Leg PainFootSmart Health Facts from The Podiatry Institute
There are many conditions or symptomatic complexities that can contribute to general leg pain. In order to determine the cause of the pain, you must first try to define the pain by examining the following questions:
- What is the nature of the pain? For example, is the pain dull
- What part of the leg hurts? Is the pain localized (confined to a particular area) or diffused (spread out over a whole area)?
- How long does the pain last? Is it short-term or long-term?
- When does the pain hit? For example, does the pain gradually set in, or do you feel it all of a sudden?
- What is the course of the pain? Does the level of pain remain steady, or does it get progressively worse or better?
- What factors aggravate the pain? For example, does exercise or particular activities make it worse?
- What kind of treatment have you attempted, helpful or not?
Damage to the nervous system can produce a variety of chronic pain syndromes in the leg.
- The pain may be localized or diffuse depending on the
- The pain may be sharp and shooting in nature.
- The pain may cause tingling, numbness or burning.
Injury in one location may actually cause pain in another. For example,
a back injury that affects the sciatic nerve will cause pain in the back
of the leg.
Other examples of nerve pain include:
MYOFASCIAL PAIN SYNDROMES
Also called fibromyositis ("myositis" means inflammation of muscle tissue) or fibromyalgia ("myalgia" means muscle pain), myofascial pain syndromes result following chronic injury to muscles and their surrounding connective tissue. The disorder is characterized by aching pain, tenderness and stiff muscles, and mainly affects areas where a tendon connects to other muscles. There may or may not be an associated or underlying condition.
When arteries harden and become blocked, circulation decreases, resulting in achy, crampy, tired feeling legs. This condition, called intermittent claudication, occurs when your muscles are not receiving all the oxygen they need, and usually occurs during exercise or anytime you walk long distances. You will typically feel pain in the calf, but the pain can also arise in the foot, thigh, hip or buttocks. You can relieve symptoms with rest, though they will recur when you try to walk or exercise again.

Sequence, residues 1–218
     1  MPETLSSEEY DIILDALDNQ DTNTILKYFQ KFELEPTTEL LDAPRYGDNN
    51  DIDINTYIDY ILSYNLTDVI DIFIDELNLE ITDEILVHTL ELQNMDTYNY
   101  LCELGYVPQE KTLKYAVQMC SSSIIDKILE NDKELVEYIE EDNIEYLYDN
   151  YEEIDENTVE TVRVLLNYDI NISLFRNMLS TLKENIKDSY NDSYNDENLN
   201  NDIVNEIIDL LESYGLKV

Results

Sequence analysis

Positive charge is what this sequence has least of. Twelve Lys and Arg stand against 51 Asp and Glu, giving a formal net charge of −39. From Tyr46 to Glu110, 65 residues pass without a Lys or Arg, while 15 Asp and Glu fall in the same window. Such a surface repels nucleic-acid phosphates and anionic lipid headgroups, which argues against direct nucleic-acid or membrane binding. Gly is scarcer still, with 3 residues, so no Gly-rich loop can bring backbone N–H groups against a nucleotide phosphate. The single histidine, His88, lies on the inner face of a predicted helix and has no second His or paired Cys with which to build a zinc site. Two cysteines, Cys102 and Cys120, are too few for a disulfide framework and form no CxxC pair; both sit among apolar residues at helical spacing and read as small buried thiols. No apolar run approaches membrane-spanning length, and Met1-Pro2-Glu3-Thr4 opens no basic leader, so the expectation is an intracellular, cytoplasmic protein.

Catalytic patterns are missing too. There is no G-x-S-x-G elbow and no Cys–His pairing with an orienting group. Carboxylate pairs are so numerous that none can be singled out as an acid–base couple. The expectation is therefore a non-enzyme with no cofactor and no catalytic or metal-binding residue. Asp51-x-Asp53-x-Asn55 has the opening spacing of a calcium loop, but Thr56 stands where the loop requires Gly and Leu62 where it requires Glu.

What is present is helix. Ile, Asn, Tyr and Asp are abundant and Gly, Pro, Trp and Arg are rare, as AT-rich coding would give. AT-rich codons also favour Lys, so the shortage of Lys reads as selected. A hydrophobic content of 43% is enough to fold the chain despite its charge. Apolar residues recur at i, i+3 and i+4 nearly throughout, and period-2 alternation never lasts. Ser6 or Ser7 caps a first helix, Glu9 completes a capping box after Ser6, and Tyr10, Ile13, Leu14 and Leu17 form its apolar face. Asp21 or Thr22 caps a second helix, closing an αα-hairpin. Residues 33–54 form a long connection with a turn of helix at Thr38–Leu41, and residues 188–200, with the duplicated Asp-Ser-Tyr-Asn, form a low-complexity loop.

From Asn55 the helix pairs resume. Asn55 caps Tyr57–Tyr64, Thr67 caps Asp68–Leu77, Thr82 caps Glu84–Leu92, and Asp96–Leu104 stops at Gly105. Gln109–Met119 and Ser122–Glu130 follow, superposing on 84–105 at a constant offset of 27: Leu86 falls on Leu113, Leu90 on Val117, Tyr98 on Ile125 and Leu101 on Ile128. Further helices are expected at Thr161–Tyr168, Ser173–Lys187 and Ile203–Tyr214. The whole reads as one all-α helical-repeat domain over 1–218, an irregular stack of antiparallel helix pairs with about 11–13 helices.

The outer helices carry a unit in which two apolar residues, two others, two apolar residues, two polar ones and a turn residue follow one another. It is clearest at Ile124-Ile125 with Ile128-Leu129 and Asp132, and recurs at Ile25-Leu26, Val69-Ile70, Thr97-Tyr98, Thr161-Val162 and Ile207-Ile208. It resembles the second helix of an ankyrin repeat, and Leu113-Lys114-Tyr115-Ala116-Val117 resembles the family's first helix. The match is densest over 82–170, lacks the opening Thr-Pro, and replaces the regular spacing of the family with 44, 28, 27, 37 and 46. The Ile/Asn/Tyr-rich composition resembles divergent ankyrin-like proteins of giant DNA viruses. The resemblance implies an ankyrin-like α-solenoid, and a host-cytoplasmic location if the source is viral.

Bone pain is often due to shin splints, periostitis or stress fractures. Typically, the anterior compartment muscles – the three muscles that lie directly beside the lower leg bone on the front of the leg are affected, usually following running type exercises.
- Shin splint – A shin splint affects the outside of the shin,
and is caused when the Tibialis anterior muscle, one of the muscles responsible for flexing your foot upwards, is overused during activity. A shin splint occurs from the constant flexing of the muscle.
- Periostitits – This condition occurs when irritation progresses from the muscle to its insertion into the bone, causing the outer lining of the bone (the periosteum) to become inflamed.
- Stress fracture – When the irritation progresses to the bone, and bone resorption predominates over bone production with actual injury to the bone, you have a stress facture. Stress fractures of the lower extremity typically occur in the tibia (large lower leg bone) and the metatarsal bones (long bones in
A product such as the Ice Up® Portable Ice Massager can be very helpful in easing bone pain.
RESTLESS LEG SYNDROME
If your legs feel uncomfortable in any position, particularly during rest and sleeping, and you feel the need to constantly move them, you may have
a condition called restless leg syndrome. The cause of this condition
Treatment of any type of leg pain relies on the proper diagnosis. The first step in generalized leg pain is to determine the system that is involved before defining the specifics.
Analgesics – non-narcotic and narcotic – are used to help relieve
- Non-narcotic analgesics, sold over the counter,
are used for mild pain and include:
- Acetaminophen (Tylenol)
- Ibuprofen (Motrin)
- Naproxen (Aleve)
Here is a list of some popular nonsteroidal anti-inflammatory drugs (NSAIDs) used for mild to moderate pain. A prescription is required for these drugs.
Narcotic analgesics require a prescription and are used for moderate
to severe pain. These are typically opioids, and include propoxyphene, codeine, hydrocodone, oxycodone, and morphine. They are often combined with aspirin and acetaminophen. Narcotic analgesics